November 2nd, 2006
|01:59 am - Questioning the validity of bioethics and musings on morals|
As a somewhat-related side-note to my most recent post, I'm amused to note my more general dismissal and even active contempt for any and all studies of technology and ethics, bioethics... Definitely a field I can see absolutely no use for, since in my own experience it seems to consist of either (largely Christian) religious wingnuts denouncing some perfectly reasonable (assuming the risk of birth defects can be greatly reduce) activity like cloning being used as a form of reproduction as "unnatural" or "ungodly", or "wrong", combined with idiots who worry about the potentially negative social changes (at least from their PoV) that some technological advance might cause. Clearly, new technologies need to be tested to make certain they are safe - batteries that catch on fire and similar items are an obviously bad thing. Similarly, murder and assault remain both wrong and generally bad ideas regardless of what means are use to perform them, so I fail to see what use fields like bioethics serve. For example, debates about assisted suicide, abortion, or organ transplantation all seem (to me at least) obviously guided by the twin principles that every person has the right to control their own body and the dead have no rights, since they cleaarly have no need for any. In any case, am curious if any of you can see value in such fields and what your reasons are for doing so.
I suppose my dismissal of this field come from a combination of both my strong belief in progress, my general neophilia, and possibly most strongly of all, the fact that my own ethics are highly situational, fairly flexible, and exceedingly utilitarian. I always remain baffled at the idea of actually having to consider any ethical or moral issue for more than at most a minute. Considering the purely practical consequences of some choice is naturally a very reasonable activity as long as it is not done to the point of indecision (something I have very little patience with, but I in general have little patience) but every ethical and moral question I've encountered has always seemed immediately obvious to me. Of course, I am also away that my own ethics are far from typical. One fairly standard discussion of morality poses the following pair of questions.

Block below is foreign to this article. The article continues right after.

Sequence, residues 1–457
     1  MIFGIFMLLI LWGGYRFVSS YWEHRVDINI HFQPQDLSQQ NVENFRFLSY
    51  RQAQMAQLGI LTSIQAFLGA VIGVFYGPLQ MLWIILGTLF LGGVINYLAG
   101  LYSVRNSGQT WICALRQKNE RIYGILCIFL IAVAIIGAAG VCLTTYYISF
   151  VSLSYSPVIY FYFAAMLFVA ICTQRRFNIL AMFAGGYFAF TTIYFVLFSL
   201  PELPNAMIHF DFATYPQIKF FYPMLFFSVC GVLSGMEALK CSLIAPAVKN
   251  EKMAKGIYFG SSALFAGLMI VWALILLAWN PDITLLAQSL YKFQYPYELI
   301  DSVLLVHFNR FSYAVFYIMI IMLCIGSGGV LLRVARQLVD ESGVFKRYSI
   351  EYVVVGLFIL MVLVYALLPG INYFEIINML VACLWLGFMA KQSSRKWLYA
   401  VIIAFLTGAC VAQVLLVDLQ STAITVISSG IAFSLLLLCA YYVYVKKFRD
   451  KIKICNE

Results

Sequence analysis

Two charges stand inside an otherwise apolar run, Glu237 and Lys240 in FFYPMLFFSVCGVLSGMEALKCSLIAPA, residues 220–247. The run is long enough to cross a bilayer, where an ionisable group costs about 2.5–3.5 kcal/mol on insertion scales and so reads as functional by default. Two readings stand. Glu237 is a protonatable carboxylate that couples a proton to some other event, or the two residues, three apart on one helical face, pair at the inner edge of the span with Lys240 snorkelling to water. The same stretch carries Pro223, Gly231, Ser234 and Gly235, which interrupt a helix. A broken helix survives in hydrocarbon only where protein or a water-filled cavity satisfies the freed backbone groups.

1) "Suppose you are standing by a railroad track. Ahead, in a deep cutting from which no escape is possible, five people are walking on the track. You hear a train approaching. Beside you is a lever with which you can switch the train to a sidetrack. One person is walking on the sidetrack. Is it O.K. to pull the lever and save the five people, though one will die?" When confronted with this pair of situations, most people say that performing the first action (pulling the level) is moral, while performing the second action (throwing the person off of the bridge) is not, although lives saved and lost are the same as in the two situations.
2) "Now assume now you are on a bridge overlooking the track. Ahead, five people on the track are at risk. You can save them by throwing down a heavy object into the path of the approaching train. One is available beside you, in the form of a fat man. Is it O.K. to push him to save the five?"
My own reaction is that ethically and morally, the two situations are functionally identical. That said, if I knew none of the people involved, in the first case, I would pull the level and look away, while in the second case, I would do nothing and look away, solely because I would find performing the second action vastly more unpleasant than the first, which from my own PoV, is a perfectly sufficient reason for my choice. Also, the situation would be very different indeed if anyone I knew and care about was involved, then, pulling a level to divert a train to save a single person I care about to and kill five strangers would be a decision I would make in an instant (in the 2nd case, my actions would be determined solely by the exact specifics of the situation and how unpleasant (and risky) throwing the person off the bridge looked like it would be.
Current Mood: thoughtful
I can definitely see the point of ethicists in certain areas, like consent. Guidelines need to be drawn for how consent works when people are mentally impaired, for instance, or suffering from mental illnesses.
A doctor is currently subject to disciplinary proceedings in the UK because he progressed transgender treatment for a patient despite the fact that they had a history of becoming obsessed with things for short periods (a few months at a time). Had the doctor followed the guidelines laid down (which give specific waiting periods for how long to wait, and what stages should be followed) the person wouldn't have received unnecessary treatment that (when in their right mind) they don't actually want or need.